By Marty D. Blake, Chief Operating Officer, Optimé International Inc.
The path to building a high performing sales organization which exceeds expectations year after year is paved with a number of building blocks and one of the key blocks is consistency. Consistency of capabilities. Consistency of processes. Consistency of tools. Consistency of training and development. All of these are critical to leading an effective and efficient sales team that is positioned to win.
When a sales organization has an inconsistent approach with their customers, whether they are internal or external, you will almost always find less than stellar performance. Consider this – According to world leading researcher, Gartner Inc., in a typical firm of 100-500 employees, an average of seven people are involved in the buying decision. If you don’t have a consistent approach to selling, your message will be lost and you will not hear theirs.
We use the phrase ‘individual best effort’ when it comes to lack of consistency. It’s not that team members are doing the wrong things, in fact, many of them are likely doing the right things. But, as an organization, if you don’t have a consistent approach to working with your customers, then that ‘individual best effort’ becomes very difficult to manage and direct to a successful outcome.
THREE WAYS TO BUILD CONSISTENCY
Clients often come to us looking for guidance on how to build a structured and consistent approach to selling into their organization. While it might seem difficult for them as they race to reach their goals and manage their teams, we show them that it’s not as complicated as they may think.
1 – Have a strong selling process in place.
There needs to be clearly articulated expectations of how a sale is made in your organization. Each person on your team needs to fully understand every step that that is required to engage with the client, what tools and materials exist to support a sale, and what needs to happen to close a sale and place an order. And don’t forget the post-sale engagement and hand-off to your internal team to fulfill promises made and customer expectations. Once you have a well-defined process, you have to integrate it into everything your organization does.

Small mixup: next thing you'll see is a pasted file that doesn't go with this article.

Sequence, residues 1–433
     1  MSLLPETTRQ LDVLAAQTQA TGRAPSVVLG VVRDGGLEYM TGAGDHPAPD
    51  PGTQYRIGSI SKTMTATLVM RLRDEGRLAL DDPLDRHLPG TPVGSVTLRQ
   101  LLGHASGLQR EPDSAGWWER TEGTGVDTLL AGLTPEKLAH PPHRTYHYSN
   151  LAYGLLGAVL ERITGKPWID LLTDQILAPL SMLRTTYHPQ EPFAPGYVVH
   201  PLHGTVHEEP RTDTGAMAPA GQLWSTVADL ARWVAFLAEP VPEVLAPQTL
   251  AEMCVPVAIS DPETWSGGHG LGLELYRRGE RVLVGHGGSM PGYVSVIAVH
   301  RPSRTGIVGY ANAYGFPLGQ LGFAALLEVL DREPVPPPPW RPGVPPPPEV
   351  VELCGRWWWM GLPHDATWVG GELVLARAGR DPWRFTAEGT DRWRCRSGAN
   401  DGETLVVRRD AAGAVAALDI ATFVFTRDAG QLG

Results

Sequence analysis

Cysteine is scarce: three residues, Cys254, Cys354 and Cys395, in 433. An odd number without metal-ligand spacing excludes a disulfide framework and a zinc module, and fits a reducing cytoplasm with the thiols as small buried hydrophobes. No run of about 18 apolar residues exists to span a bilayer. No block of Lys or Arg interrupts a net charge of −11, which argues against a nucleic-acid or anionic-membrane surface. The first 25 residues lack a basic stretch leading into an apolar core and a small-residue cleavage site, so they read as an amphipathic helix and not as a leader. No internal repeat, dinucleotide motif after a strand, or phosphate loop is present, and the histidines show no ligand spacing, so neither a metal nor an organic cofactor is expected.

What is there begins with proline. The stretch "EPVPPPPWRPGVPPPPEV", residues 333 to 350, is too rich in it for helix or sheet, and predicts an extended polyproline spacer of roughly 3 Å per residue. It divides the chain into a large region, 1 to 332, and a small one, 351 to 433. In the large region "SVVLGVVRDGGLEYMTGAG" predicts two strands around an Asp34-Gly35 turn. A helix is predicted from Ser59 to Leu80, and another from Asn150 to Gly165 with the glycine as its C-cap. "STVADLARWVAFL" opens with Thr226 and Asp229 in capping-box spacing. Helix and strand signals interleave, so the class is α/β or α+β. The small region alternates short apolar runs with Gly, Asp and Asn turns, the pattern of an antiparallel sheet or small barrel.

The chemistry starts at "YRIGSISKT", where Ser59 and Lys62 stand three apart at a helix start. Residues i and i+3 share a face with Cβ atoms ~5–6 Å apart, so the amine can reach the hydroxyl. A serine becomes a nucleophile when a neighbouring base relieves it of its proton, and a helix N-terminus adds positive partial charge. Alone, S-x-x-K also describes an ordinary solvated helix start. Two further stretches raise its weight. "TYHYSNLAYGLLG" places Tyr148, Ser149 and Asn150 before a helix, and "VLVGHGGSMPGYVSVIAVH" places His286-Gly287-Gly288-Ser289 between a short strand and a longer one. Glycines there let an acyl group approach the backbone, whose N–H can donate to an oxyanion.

2 – Having the right tools.
This one should likely come first – because it will become a significant part of the selling process I just discussed. “Tools” might mean something different to each organization. It might be a powerful CRM system, custom designed for your company. It might also be a simple template. Essentially – it is the mechanism that you use to plan for every single sales meeting, sales call or customer annual plan. Whatever your engagements may look like – having a consistent set of tools across the organization will ensure that everyone is working with clients in a logical and uniform way.
3 – Reinforce. Reinforce. Reinforce.
So, once you have the best processes and tools in place – you need to continually reinforce them with regular opportunities to develop through training – right across your entire organization. Remember, this is not an event – not a one time thing. Keep pushing the envelope on development, enroll and engage new hires joining the team and challenge your current team members to both ‘sharpen the saw’ and acquire new higher-level capabilities. This is an ongoing process and within that training environment, it’s critical that your leaders and managers are embracing these elements of consistency that are so important to the organization – by taking accountability to develop the talent on their team.
ORGANIZE THE INDIVIDUALITY
Leading a best-in-class sales organization doesn’t have to be complicated – but it does take planning and a structured consistent approach. Don’t fall into the fear that a consistent approach will remove individuality from your sales teams – it won’t. Consistency levels the playing field and creates and instinctual approach to customer engagement thereby allowing each individual on a team to rise to the challenge. They already know what to do…now they have the freedom to focus on their personal strengths and their clients.
Check out www.optime.com to find more tools and tips to take your sales organization from good to outstanding.
Good luck and good selling!